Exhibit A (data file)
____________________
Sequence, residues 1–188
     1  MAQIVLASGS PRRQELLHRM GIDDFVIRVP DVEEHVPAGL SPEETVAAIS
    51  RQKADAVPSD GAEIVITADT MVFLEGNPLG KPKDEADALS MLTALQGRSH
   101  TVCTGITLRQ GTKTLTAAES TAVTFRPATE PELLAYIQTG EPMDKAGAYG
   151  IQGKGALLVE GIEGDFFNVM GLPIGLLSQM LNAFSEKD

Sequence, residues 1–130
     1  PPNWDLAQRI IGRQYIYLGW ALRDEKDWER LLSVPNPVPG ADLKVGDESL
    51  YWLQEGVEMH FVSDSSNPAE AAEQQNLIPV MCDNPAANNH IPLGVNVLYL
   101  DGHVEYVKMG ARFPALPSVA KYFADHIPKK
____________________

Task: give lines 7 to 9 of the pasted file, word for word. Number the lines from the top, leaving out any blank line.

     1  PPNWDLAQRI IGRQYIYLGW ALRDEKDWER LLSVPNPVPG ADLKVGDESL
    51  YWLQEGVEMH FVSDSSNPAE AAEQQNLIPV MCDNPAANNH IPLGVNVLYL
   101  DGHVEYVKMG ARFPALPSVA KYFADHIPKK